Refrigerate if not served immediately. Freeze, if desired, in portions suitable for family use. To serve, bring to a boil.


This cereal is rich in protein, iron, fiber and CALORIES. Because of its calorie count, it is not for everyone. 3 cups rolled oats 1 1/2 cups wheat germ 1/2 cup dry skim milk powder 1 cup silvered or coarsely chopped almonds 1/2 cup sesame seeds 1 cup hulled sunflower seeds 1/2 cup vegetable oil 1/4 to 1/2 cup honey 1 cup raisins 1/2 cup dried apricots, cut up

Toast the oats in a shallow pan at 300 degrees for 15 minutes. In a large bowl combine the wheat germ, skim milk powder, almonds, sesame and sunflower seeds. Heat the oil and honey just until warm. Combine with mixture in the bowl. Combine contents of bowl with toasted oats and spread in several shallow pans in thin layers. Continue toasting, stirring occasionally, for 15 minutes more, or until ingredients are toasted. Spoon into large container; add raisins and apricots and mix. Cool and store in tightly covered container in the refrigerator. Serve with milk.


Crunchy, spongy textured with a nut-like flavor, this bread will keep for several days in the bread box, longer in the refrigerator, and, of course, freezes beautifully.

Makes 2 loaves 1 cup cornmeal 1 cup hot whole wheat cereal, uncooked 1 cup regular oatmeal 2 tablespoons yeast 1/2 cup honey 2 teaspoons salt 2 cups whole wheat flour 6 to 8 cups unbleached flour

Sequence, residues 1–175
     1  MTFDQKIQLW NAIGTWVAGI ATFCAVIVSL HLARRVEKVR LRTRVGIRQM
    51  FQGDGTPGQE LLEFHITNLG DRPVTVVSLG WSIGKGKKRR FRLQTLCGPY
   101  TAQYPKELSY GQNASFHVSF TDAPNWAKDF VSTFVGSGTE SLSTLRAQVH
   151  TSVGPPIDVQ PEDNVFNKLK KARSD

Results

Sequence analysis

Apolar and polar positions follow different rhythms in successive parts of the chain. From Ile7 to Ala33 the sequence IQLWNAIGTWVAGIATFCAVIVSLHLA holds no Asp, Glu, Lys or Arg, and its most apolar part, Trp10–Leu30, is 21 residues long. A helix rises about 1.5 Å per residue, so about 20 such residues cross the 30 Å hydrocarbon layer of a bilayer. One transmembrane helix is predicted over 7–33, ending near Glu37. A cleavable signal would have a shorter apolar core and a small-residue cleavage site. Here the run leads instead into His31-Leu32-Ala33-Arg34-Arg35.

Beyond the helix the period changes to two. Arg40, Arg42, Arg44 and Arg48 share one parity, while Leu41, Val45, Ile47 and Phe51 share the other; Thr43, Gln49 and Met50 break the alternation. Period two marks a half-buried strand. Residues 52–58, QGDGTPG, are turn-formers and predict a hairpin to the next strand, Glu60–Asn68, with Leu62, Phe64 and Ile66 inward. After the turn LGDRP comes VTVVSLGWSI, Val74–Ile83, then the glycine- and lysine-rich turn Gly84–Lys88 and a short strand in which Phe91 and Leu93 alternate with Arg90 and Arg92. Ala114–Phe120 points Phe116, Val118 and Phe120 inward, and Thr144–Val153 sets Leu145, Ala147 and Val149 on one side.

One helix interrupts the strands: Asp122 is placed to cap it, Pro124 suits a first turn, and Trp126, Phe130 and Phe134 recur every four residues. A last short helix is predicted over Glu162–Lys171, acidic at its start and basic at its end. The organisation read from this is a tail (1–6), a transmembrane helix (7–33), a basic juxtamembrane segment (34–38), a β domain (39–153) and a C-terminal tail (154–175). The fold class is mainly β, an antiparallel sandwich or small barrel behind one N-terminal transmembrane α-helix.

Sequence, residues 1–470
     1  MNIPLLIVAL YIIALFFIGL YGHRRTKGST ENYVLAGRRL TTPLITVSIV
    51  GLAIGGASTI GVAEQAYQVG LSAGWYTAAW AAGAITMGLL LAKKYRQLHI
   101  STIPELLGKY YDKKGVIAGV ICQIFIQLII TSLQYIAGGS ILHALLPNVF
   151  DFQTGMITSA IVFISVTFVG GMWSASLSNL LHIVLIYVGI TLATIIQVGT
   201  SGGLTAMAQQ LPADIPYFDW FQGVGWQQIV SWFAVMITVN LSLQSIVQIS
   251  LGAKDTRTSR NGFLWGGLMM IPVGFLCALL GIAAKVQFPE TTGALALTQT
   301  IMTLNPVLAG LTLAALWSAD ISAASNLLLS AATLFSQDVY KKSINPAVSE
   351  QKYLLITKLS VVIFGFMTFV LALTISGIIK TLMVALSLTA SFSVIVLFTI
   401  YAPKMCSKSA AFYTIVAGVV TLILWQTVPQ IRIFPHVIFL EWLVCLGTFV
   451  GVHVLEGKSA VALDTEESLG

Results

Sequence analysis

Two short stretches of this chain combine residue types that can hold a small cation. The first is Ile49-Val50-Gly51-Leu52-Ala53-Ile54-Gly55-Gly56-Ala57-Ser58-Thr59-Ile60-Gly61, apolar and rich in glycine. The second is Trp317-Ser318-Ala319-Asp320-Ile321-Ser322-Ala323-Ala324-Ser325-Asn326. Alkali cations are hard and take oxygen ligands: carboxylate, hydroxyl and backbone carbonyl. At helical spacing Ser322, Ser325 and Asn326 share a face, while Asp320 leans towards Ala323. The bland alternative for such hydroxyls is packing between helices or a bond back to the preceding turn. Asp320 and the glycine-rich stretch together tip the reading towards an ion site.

Heat 4 cups water to boiling. Pour boiling water over cornmeal, wheat cereal and oatmeal; cool. Meanwhile, add yeast to 1 cup warm water and "proof." (The yeast is proofed when small bubbles appear on the surface, in about 5 to 7 minutes.) When water grain mixture is cooled to about 100 degrees or so, add yeast mixture to it. Then add honey, 1 cup water and salt. Stir well. Add whole wheat flour, 1/2 cup at a time, mixing well with spoon between additions. Add unbleached flour, about one cup at a time, mixing with a spoon.

Turn out a well floured board and knead for 5 minutes. Dough will be sticky. Place in well-greased bowl, cover with damp cloth, and place in warm place to rise until doubled in bulk, or until finger pressed into dough leaves imprint, (about one hour).

Punch dough down: turn out on lightly floured board. Shape into two loaves and place in well-greased 9-by-5-inch loaf pans. Cover with wax paper and allow to rise in warm place until doubled in bulk, until dough comes up almost to top of pans, (about one hour).

Bake at 350 degrees for about 65 minutes, or until loaves test done. Remove from pans and cool on wire racks before slicing.


From the land of Tex-Mex, but without the hot pepper on top. 8 pieces 2 corn tortillas (if frozen, defrost) 2 ounces Cheddar cheese, cut into 8 wedge-shaped pieces

Cut each tortilla into four triangles. Place cheese on top of triangles and run under broiler until cheese melts.


Peanut butter and banana sandwich

Leftover macaroni and cheese, reheated in toaster oven or on top of stove.

Egg salad or tuna with apple salad sandwich

Grilled cheese sandwich

English muffin halves topped with tomato paste, mozzarella cheese and sprinkled with oregano and broiled

Leftover meatloaf sandwich

Leftover fried rice, reheated in a little oil in a skillet.

Hard-cooked eggs delived with a little grated cheese, mustard and just enough mayonnaise to soften.